Arizona Estate Planning Attorneys

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Protect Your Assets and Your Family With an Estate Plan – Contrary to what you might think, you do not have to be a millionaire to be in need of estate planning assistance. While most of us don’t think of our belongings as comprising an “estate”, there are undoubtedly assets you want preserved for future generations, as well as other considerations you’d like to leave for your children and grandchildren. Perhaps you want to set aside funds specifically to be used for your beneficiaries’ education, leave money to favorite charities, or make plans for how your business should be managed in the event of your death. With the help of an estate planning attorney, any of these options can be stipulated in your final documents and honored upon your death.

Regardless of what assets you own, a well-planned estate is essential in making sure that you, your family, and your business interests are properly taken care of. Moreover, by using an estate planning attorney to settle your affairs in advance, you can save your loved ones from the stress and confusion of sifting through your paperwork to find the necessary documents and accounts after your death, such as birth certificates, insurance policies, and investments. With an estate plan, all of the information is consolidated in one place, making it easy to allocate your assets, plan for the management of debts, and ensure that your healthcare wishes are known and honored.

Estate Planning Tools

Our Lawyers Ensure Your Final Wishes are Honored – Crafting a plan for your future can be a daunting task, and Bellah Perez’s estate planning lawyers understand the many details that must be considered to create your final documents. To put your mind at ease, we handle all areas associated with these decisions— we help you write final wills to specify your last wishes, create living trusts to protect assets and avoid some of the hassles associated with probate, and draft beneficiary deeds to transfer property to loved ones immediately upon death.

In addition to these final documents, our estate planning lawyers also guide you through the process of choosing the people you want in charge of your affairs. This includes the executor of your estate, as well as those you’d like to have power of attorney in case you are incapacitated and need someone else to make your decisions. Likewise, your estate planning documents can indicate who will look after your children in a guardianship or conservatorship.

The experienced estate planning attorneys at Bellah Perez can assist you in creating a thoughtful and comprehensive estate plan that will reflect your wishes, down to the last detail. We understand that each estate is unique and will work with you to choose the planning tools that best suit your needs, your family, and your circumstances.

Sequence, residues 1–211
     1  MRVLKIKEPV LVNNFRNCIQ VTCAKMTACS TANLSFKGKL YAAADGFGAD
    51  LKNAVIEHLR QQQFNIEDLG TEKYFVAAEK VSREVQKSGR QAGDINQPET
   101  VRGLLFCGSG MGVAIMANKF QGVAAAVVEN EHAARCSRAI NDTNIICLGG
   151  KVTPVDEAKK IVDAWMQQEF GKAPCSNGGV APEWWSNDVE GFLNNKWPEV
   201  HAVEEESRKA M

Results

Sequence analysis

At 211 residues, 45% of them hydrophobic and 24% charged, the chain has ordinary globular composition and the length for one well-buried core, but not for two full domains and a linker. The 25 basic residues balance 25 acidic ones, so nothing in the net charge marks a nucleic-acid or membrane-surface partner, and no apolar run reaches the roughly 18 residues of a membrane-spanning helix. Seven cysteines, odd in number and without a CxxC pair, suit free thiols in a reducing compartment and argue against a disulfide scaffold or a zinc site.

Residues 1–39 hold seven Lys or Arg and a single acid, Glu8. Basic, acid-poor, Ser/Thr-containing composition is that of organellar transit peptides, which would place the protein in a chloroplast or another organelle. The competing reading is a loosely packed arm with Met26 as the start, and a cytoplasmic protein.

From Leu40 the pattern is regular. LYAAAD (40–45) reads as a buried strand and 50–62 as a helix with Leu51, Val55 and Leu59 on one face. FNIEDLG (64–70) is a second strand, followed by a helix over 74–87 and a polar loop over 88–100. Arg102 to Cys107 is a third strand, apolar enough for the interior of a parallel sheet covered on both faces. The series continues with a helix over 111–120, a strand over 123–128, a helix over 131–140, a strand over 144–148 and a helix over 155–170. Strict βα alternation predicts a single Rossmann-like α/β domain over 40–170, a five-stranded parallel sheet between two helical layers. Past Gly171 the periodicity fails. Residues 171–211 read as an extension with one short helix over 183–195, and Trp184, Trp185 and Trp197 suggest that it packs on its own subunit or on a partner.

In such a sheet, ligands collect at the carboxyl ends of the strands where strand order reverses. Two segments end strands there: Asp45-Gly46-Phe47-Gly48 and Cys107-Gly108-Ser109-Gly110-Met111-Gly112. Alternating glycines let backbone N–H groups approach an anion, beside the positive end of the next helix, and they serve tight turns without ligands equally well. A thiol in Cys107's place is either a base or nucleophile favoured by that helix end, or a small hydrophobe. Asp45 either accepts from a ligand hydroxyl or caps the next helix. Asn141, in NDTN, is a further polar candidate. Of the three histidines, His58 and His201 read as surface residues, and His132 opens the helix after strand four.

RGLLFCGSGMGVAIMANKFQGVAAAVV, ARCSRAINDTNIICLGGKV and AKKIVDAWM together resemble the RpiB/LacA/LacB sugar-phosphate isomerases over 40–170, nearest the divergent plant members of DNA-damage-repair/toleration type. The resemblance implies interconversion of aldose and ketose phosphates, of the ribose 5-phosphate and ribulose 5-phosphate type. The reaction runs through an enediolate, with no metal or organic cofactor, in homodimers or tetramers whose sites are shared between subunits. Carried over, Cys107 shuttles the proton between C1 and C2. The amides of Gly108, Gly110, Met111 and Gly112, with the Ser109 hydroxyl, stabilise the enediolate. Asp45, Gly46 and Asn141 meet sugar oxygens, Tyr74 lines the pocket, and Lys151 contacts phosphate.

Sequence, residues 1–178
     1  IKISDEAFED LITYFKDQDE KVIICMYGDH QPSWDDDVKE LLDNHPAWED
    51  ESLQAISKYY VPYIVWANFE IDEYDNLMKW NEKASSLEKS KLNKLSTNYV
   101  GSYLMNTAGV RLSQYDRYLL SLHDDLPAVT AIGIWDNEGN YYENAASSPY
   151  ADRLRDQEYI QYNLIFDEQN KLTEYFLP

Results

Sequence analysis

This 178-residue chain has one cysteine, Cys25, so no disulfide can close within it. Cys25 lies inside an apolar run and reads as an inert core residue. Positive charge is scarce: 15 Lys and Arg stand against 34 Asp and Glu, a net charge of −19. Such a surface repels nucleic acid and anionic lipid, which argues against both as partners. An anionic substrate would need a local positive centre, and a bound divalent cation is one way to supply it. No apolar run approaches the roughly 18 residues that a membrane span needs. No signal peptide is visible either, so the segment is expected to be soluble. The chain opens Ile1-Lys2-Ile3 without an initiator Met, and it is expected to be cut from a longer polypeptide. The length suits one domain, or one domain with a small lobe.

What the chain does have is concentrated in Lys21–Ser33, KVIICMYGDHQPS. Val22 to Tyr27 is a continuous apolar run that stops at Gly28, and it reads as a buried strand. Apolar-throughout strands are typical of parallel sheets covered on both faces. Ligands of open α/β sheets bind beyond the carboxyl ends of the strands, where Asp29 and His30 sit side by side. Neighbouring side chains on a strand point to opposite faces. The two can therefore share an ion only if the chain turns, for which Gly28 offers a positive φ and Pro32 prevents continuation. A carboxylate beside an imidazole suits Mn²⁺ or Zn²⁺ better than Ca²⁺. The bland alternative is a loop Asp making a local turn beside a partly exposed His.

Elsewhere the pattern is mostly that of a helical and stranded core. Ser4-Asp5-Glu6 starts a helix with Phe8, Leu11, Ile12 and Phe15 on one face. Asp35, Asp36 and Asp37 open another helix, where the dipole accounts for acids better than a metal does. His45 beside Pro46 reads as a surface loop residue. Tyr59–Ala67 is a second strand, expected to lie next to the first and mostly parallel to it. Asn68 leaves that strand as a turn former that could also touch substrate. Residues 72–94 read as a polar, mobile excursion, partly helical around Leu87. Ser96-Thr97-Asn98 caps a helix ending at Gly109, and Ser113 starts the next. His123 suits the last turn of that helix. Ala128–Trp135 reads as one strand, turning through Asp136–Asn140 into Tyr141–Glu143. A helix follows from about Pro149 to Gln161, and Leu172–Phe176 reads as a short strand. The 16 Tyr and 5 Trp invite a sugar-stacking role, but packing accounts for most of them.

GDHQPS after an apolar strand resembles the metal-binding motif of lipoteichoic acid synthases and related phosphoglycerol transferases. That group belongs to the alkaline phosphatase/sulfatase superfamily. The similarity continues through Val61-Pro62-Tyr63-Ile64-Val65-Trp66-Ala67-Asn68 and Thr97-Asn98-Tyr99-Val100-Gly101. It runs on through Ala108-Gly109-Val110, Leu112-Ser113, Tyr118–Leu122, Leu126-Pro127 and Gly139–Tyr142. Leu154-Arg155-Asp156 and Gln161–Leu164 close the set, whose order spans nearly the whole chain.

For more detailed information on the areas our estate planning attorneys handle:

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5 Biggest Family Trust Mistakes
Set up a consultation with one of our experienced estate attorneys today.
Contact Bellah Perez, PLLC at 602-252-9937.

FAQ’s

Many people mistakenly think that estate planning involves only the drafting of a last will and testament. However, estate planning involves financial, business, tax, and medical planning. Estate planning can help you determine:

  1. How and by whom your assets will be managed for your benefit during your lifetime if you ever become unable to manage yourself or your affairs.
  2. When and under what circumstances it makes sense to distribute your assets during your lifetime.
  3. How and to whom your assets will be distributed after your death.
  4. How and by whom your personal care will be managed and how health care decisions will be made during your lifetime if you become unable to care for yourself.
Your estate includes all of your assets. Assets can be held in your name only or jointly with others. Assets can include bank accounts, real estate, stocks and bonds, furniture, cars, life insurance policies, etc.
A will is a legal document that names individuals or charitable organizations who will receive your assets after your death either by gift or in trust. A will nominates who will be appointed to manage your estate, pay your debts, and distribute your estate according to the instructions in your will. It can also nominate guardians for your minor children.
Most assets can be subject to the provisions in your will. However, some securities and bank accounts that have designated beneficiaries, such as “payable on death” accounts, pass directly to the beneficiaries and bypass distribution through a will. In addition, certain co-owned assets also pass directly to the surviving co-owner regardless of any instructions in your will.
A revocable living trust is a legal document that can substitute for a will. Your assets will be put into a trust, which will be administered for your benefit during your lifetime and transferred to your beneficiaries when you pass away – all without the need for court involvement. A living trust does not always eliminate the need for a will. A will may still be used to distribute any assets that have not been put into your trust.
Because there are many complicated medical issues, you should speak with your doctor about a number of possible end-of-life care decisions that you may want to include in your living will document. Many individuals choose to reject some options while choosing others. End-of-life medical care options may include:

  • Resuscitation
  • Tube Feeding
  • Dialysis
  • Comfort Care
  • Mechanical Ventilation
  • Organ Donation